In memory of a Mount Washington street tree


Photo by Katrina Alexy

MOUNT WASHINGTON — The cutting down of a large street tree on Avenue 45 near Marmion Way prompted someone to create a memorial to the same tree. Candles and flowers have been placed on the tree stump and a poster hanging on a nearby fence asks “Why?”


Photo by Katrina Alexy

The Eastsider’s Daily email digest includes all new content published on The Eastsider during the last 24 hours. Expect the digest to land in your in email in box around 7 p.m. It’s free to sign up!

Once you submit your information, please check your email box to confirm your subscription.


  1. If you go to street view (it was a short distance down Ave. 45 from the indicated intersection) , you can get a good guess at the reason. The tree is tilted over at an angle. All of its growth was on one side (the same side as the curb). It was a matter of time until it fell over. It would have fallen into the street and perhaps across some power lines.

  2. Oh come on! Even for Mt. Washington hippies, this is over the top. Not every tree is a good tree and some have got to go. Sheesh – I didn’t get this worked up when my dog died.

    • You missed the point. Its about what the progress we make in society means for us as a people in this enviornment. Its a tribute to what that tree stood for. There is not need to explain why it was necessary. Theres no question it was necessary to someone or it still would be standing.
      In defending the act and insulting the sensitive, we choose not to appreciate the loss that someone else felt was necessary to express.

      What is my response for the tree’s removal?
      Its too bad the cost of progress can alienate us so from the world we share I only hope that its result is bringing us together as a people. This was probably so they could put in overpriced condos or a starbucks parking lot so fuck you but I get it…

      oh and nobody is making signs for their dog when they die, but they probably do still miss them.

      • Yup – this particular murdered tree is the Martyr that will bring us “together as a people”. One day we will all look back and tell our children where we were when the mighty tree fell. Schools will be named for it, monuments will be built. a national holiday created and banks will close in observance (ironically – greedy bastards).

        The “sign” will be enshrined in the Smithsonian where it will be a flash point for a billion selfies and the stump will become ground zero for those wishing to reflect on what it “stood for”. Of course there will have been those who chose to “appreciate the loss” and the birth of the Treester movement as we know it will have come full circle.

        Eventually there will be those who will resent and blame the Treesters for everything, and they will take to putting up signs too -not very welcoming ones either.

        As for my new dog, FYI he’s a Treester too, pees on everyone of em.

  3. Also, sorry flowers. It was not your fault we cut the tree down, yet we killed you too to make the bouquets we laid on the dead tree. That’s just how we are. @Ishamine sorry about your dog, too. It probably was not a very good dog. Not quite as good as that tree, obviously.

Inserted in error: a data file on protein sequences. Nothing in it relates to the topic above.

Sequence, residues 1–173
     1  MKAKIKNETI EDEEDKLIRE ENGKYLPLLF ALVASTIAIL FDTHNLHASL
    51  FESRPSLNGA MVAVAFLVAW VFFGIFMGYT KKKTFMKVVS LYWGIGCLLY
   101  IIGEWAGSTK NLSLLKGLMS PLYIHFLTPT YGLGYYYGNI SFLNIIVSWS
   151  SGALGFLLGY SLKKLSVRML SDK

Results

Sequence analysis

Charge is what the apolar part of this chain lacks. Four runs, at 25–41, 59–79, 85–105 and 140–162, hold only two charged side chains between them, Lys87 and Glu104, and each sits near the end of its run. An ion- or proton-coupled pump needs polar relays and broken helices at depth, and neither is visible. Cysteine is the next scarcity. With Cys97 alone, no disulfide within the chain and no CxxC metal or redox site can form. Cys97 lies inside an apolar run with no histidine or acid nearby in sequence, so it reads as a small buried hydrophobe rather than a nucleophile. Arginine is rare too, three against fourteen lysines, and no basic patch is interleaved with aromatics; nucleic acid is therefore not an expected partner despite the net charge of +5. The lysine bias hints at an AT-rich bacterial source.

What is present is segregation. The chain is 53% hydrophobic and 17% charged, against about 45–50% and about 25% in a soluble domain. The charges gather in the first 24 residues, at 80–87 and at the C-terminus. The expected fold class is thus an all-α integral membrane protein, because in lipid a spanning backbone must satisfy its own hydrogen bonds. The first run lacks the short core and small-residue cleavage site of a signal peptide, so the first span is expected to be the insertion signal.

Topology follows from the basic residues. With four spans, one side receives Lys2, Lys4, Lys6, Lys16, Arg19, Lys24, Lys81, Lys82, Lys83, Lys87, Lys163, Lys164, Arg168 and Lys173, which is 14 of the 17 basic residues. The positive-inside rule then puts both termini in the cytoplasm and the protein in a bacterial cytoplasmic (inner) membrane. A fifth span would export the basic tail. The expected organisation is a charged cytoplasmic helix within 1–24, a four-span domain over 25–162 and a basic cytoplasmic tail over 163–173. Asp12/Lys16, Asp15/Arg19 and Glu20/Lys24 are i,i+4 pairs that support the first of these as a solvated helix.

4. The fact is someone bought the land on the corner and the house next to it and is going to put in some really ugly apartments and to do that, the tree had to go. I do hope they got the required permit to cut down a street tree and that they have to put up replacement tree(s).
    Leaning does not mean the tree is going to fall over. The heartwood of the tree is healthy and that means healthy
    roots too. There wouldn’t be enough winds in that area to bring a tree down so it presented no threat. As it WAS a street tree the arborist would have to approve its removal. If he didn’t then I hope someone reports these people to make sure the owners have to do the right thing.

  5. The hole in the middle of the stump indicates that there was rot.

    • It’s a carob tree, and they have a tendency to rot in just this way. My block has lost a number of them. They can hang on for a long time in the presence of interior rot like you see in the photo, but I think the unbalanced crown is what did this one in.

      Related: It had been that the Bureau of Street Services had their own team of arborists (which was down to, literally, a handful of people for the whole city). These folks were the only city people doing trimming. (That is to say, outside the process by which a property owner can pay for work to be done after pulling a permit.)

      In talking with them, they seemed rather demoralized, as well as having an all-chiefs-and-no-indians problem, presumably due to rounds of layoffs that took the less-senior.

      Anyway, I have noticed city-paid trimming being done by private crews in the last few months (contracted by the city). It seems that someone decided the old system needed revamping.

  6. I hate trees being removed, especially in LA. We need every tree we can get.

  7. I think they should take a cue from Pasadena, where every tree that gets cut down needs to be replaced with a new one. More trees, less concrete.

  8. Having a memorial for a tree is like clapping at the end of a movie.

  9. You’s guys need a tree whacked? Boom, I knows a guy…zigg-a-dee-zag….no more friggin’ road bump.

Post a Comment

Please keep your comments civil and on topic and refrain from personal attacks. The moderator reserves the right to edit or delete any comments. The Eastsider's Terms of Use and Privacy Policy apply to comments submitted by readers. Required fields are marked *